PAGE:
I cope with routine blood draws at the doctor’s office by averting my eyes from what the technician is doing, gazing at some object elsewhere in the room, humming to myself, and thinking beautiful thoughts. Even with this approach, the world sometimes gets a little fuzzy around the edges. Especially if it’s one of those fasting blood tests where you have to show up before breakfast.

In spite of this little weakness, I am also a public-spirited person who wants to do the right thing. Which is why, years ago, I decided I should donate blood. Continue reading

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Yes, We Have No (Control Over) Bananas

If you truly believe you are a well-balanced, serene, and sane adult who can take life as it comes, here’s a practical little exercise for you. Let somebody else pick out your bananas.

This is not theoretical. I’ve been practicing it myself for weeks now, and it’s a challenge.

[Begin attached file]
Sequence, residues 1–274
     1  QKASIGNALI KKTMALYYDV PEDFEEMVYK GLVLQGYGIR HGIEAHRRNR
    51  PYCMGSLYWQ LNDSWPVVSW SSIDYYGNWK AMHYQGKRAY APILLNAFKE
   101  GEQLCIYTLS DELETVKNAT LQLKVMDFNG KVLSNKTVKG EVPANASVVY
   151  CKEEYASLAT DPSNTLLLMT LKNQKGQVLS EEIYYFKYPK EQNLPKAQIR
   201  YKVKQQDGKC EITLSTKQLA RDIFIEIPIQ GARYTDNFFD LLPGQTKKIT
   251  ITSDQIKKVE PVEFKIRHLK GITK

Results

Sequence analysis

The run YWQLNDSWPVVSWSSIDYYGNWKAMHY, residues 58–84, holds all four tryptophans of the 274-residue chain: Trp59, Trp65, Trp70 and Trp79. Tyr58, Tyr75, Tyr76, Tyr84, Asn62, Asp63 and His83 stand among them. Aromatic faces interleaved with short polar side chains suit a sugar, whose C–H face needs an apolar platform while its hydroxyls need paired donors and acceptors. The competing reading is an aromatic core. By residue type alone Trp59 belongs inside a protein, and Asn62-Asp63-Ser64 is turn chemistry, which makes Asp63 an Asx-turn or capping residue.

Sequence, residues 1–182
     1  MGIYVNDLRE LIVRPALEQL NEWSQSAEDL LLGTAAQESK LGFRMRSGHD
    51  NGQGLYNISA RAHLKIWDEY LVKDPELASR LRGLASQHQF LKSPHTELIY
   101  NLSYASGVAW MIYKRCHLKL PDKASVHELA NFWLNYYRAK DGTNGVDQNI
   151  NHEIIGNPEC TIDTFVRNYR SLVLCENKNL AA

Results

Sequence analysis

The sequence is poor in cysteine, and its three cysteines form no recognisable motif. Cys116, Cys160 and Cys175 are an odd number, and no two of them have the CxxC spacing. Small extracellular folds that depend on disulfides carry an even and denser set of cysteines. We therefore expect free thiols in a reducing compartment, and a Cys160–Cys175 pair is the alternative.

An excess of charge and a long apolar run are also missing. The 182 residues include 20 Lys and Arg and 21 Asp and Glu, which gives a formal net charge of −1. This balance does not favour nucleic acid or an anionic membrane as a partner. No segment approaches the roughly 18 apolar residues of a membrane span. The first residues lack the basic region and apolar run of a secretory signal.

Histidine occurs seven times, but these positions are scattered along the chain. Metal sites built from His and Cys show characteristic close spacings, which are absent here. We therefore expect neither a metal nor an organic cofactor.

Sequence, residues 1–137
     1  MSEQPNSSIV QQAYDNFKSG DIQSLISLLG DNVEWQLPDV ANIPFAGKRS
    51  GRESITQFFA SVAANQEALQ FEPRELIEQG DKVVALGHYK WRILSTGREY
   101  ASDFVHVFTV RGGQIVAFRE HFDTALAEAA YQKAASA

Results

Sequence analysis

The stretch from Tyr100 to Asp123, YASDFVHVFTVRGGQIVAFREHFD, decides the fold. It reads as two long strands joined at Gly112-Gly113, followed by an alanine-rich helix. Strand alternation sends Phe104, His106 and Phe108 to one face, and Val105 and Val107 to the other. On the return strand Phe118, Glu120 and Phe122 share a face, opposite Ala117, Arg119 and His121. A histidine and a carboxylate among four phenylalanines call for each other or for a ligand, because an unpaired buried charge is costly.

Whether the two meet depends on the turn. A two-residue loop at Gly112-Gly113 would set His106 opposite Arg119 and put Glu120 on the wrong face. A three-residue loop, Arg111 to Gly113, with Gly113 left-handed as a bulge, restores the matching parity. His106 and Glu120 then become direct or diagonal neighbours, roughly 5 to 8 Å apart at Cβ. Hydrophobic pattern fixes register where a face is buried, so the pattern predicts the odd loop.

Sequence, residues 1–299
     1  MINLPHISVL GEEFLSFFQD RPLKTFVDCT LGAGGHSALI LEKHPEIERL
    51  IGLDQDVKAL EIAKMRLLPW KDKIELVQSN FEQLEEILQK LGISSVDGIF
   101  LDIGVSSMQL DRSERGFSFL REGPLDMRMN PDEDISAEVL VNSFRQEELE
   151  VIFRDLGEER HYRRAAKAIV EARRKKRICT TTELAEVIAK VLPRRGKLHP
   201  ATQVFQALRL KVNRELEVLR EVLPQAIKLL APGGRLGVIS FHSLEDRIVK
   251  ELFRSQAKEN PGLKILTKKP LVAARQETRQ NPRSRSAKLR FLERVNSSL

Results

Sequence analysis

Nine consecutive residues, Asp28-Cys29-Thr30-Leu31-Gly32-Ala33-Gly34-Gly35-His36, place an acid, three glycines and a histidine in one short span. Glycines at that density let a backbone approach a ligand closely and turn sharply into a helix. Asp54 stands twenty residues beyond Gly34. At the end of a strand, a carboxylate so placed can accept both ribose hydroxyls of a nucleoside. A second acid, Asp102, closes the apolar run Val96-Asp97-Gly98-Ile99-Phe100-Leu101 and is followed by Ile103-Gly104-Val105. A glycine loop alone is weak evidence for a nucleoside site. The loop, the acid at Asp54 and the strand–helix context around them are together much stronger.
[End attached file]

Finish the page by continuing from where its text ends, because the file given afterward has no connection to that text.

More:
I like to pretend that I am not a controlling, rigid person. Never mind that, watching a couple of my beloved grandkids put my good colored pencils back in the container with careless disregard for the precise way they—the pencils, not the children—were sorted by color, I had to sit on my hands and bite my tongue to keep from intervening. (Yes, that is the last time any grandchild has been allowed to use those particular pencils. Why would you ask?)

A few lovable little quirks like this aside, I really do consider myself to be flexible and accepting. Then along came COVID-19 and self-quarantining. Continue reading

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Cheating and the Grandparent Code

Here’s a question for any of you who are parents and especially those who are grandparents. Do you let small children win at games? Or maybe a better question is, how far will you bend in order to let them win?